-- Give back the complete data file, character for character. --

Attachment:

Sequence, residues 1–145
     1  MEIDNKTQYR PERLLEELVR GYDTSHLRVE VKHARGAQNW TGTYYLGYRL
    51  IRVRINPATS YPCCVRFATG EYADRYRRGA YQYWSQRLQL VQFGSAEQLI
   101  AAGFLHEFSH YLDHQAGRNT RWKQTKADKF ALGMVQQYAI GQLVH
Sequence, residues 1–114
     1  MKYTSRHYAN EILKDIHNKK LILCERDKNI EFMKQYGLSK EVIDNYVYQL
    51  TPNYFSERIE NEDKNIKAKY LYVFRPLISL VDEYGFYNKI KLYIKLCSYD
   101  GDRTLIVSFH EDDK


Sequence, residues 1–145
     1  MEIDNKTQYR PERLLEELVR GYDTSHLRVE VKHARGAQNW TGTYYLGYRL
    51  IRVRINPATS YPCCVRFATG EYADRYRRGA YQYWSQRLQL VQFGSAEQLI
   101  AAGFLHEFSH YLDHQAGRNT RWKQTKADKF ALGMVQQYAI GQLVH
Sequence, residues 1–114
     1  MKYTSRHYAN EILKDIHNKK LILCERDKNI EFMKQYGLSK EVIDNYVYQL
    51  TPNYFSERIE NEDKNIKAKY LYVFRPLISL VDEYGFYNKI KLYIKLCSYD
   101  GDRTLIVSFH EDDK